I love reading memoir and two of my favourite memoirists also happen to be musicians. Maybe it is the fact that they have a natural rhythm that makes the difference?
For years I kept Alex Kapranos’ Sound Bites in the loo. I apologise if that is a little indelicate. The short pieces he wrote about his eating experiences on the road with his band Franz Ferdinand are perfectly crafted morsels of delight, with just the right balance of scene setting, description and character to make them memorable.
I got hooked on Patti Smith’s writing with Just Kids, first. This is a memoir of her early days in New York, reading Rimbaud on park benches, working in book shops and hanging out with her soulmate, the photographer, Robert Mapplethorpe. More recently, I adored M Train. Now in her 60s and a widow for many years, Smith writes mainly of mundane things. Of her routine, of her daily walk and coffee in the café over the road and of how she spends her time, hanging out mainly on her own.
Both writers are experts at evoking a scene. Not necessarily an unusual or awe-inspiring scene, but just day-to-day stuff. A café with faded flocked wallpaper and dark furniture, where he ate pork knuckle; the way she would pat the bald pate-like head of her coffee machine as she walked into the kitchen, then dressed in her watch cap and pea coat and went downstairs to the pedestrian crossing and waited for the light to turn green.
Like Natalie Goldberg, writer of my beloved Writing Down the Bones, both these writers could make something worthwhile out of just sitting down in a café or restaurant, watching people, thinking, looking out of the window at the weather and musing.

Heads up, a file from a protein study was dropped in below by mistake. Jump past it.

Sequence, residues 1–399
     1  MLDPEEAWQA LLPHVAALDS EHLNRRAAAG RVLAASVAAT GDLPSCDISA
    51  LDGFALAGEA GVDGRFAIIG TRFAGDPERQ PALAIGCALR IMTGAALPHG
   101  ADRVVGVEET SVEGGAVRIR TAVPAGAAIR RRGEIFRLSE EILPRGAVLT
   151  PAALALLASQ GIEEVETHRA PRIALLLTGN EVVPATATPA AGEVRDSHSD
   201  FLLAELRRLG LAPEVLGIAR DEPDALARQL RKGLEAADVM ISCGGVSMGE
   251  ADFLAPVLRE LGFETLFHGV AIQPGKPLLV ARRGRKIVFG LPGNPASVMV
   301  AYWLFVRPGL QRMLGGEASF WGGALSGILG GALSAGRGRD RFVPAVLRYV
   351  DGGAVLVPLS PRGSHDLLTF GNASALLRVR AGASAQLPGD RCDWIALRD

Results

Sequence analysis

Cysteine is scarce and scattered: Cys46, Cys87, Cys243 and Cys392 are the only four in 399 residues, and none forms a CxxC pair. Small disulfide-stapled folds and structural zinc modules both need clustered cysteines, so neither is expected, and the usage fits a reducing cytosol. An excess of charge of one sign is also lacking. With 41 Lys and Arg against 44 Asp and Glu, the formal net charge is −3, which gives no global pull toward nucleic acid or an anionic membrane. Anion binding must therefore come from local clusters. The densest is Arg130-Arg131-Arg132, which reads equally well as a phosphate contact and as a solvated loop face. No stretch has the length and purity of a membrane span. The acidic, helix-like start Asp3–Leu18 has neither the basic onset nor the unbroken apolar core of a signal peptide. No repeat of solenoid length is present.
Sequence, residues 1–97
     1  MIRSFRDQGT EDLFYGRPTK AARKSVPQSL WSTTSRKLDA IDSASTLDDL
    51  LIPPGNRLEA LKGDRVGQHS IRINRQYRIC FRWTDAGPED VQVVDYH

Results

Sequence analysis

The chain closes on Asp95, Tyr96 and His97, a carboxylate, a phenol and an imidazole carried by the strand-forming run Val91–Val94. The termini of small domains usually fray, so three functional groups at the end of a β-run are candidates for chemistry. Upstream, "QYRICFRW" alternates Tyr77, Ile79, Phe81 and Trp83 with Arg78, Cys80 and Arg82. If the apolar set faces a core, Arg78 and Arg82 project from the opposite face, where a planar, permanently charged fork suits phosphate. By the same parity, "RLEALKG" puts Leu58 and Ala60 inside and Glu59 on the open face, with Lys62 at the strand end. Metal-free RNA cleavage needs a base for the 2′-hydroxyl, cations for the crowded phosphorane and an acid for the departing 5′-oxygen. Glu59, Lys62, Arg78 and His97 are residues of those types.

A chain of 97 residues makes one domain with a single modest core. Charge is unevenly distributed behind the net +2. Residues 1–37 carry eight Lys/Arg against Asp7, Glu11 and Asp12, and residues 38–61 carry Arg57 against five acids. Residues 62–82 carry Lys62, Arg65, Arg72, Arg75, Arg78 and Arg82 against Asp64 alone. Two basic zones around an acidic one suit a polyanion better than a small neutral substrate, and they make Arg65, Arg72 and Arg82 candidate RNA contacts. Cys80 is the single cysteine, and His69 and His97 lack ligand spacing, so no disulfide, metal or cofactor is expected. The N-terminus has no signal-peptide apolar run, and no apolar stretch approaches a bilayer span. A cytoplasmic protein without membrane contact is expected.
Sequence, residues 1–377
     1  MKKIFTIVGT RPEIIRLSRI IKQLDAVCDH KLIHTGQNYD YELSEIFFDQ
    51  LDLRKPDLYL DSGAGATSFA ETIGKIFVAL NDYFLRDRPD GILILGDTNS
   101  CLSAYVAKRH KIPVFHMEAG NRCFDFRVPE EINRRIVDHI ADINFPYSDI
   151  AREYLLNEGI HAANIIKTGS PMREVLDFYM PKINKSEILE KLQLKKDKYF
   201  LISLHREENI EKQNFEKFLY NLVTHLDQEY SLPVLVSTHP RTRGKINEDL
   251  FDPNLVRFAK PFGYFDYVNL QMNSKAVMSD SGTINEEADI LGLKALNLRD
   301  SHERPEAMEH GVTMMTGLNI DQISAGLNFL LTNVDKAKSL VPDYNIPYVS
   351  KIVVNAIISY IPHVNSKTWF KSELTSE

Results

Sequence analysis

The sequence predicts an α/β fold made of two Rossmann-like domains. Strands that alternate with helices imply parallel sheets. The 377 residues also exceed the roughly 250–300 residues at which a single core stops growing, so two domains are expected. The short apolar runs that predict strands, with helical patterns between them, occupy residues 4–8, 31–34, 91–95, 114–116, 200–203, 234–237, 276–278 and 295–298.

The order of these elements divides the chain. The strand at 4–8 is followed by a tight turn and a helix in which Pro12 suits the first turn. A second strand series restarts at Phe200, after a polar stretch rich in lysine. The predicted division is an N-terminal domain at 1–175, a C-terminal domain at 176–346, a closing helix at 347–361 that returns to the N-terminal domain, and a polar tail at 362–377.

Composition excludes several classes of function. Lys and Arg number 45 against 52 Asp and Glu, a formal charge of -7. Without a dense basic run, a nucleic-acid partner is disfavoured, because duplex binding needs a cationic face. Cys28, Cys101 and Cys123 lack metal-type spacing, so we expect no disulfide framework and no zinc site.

Good writers, may I be so bold as to say ‘real writers’, can do this. They can go out alone for a coffee or sandwich, sit down, open their notebooks and just write. They may wait a few moments but soon the pen will start to move. They may not write anything life-changing at first but before long something will appear on the page. It may be a fragment, the germ of a story, an idea or the description of the couple on a nearby table whose silence speaks volumes.
On the Writing Me-Treat I am running in March in The Hague, we are going to sit in the city’s oldest café and practise being Patti Smith, Alex Kapranos or Natalie Goldberg. We will do this in a café in Cognac in May and in one of the quirky coffee shops in Totnes in Devon in July. But you don’t need to attend a Me-Treat to start the habit of writing about nothing. You could start now, today, if you wanted.
author, journalist, teacher and poet
'Sharing what I know to help others to grow.'
Jo Parfitt has published 31 books, helped more than 100 authors get into print and more than 1,000 to begin writing. She's an inspiring, compassionate and encouraging teacher.
Jo has run Summertime Publishing since 1997. She has lived abroad for almost 30 years – in France, Dubai, Oman, Norway, the Netherlands, Brunei and Malaysia. She specialises in inspiring others who write about expatriate issues.
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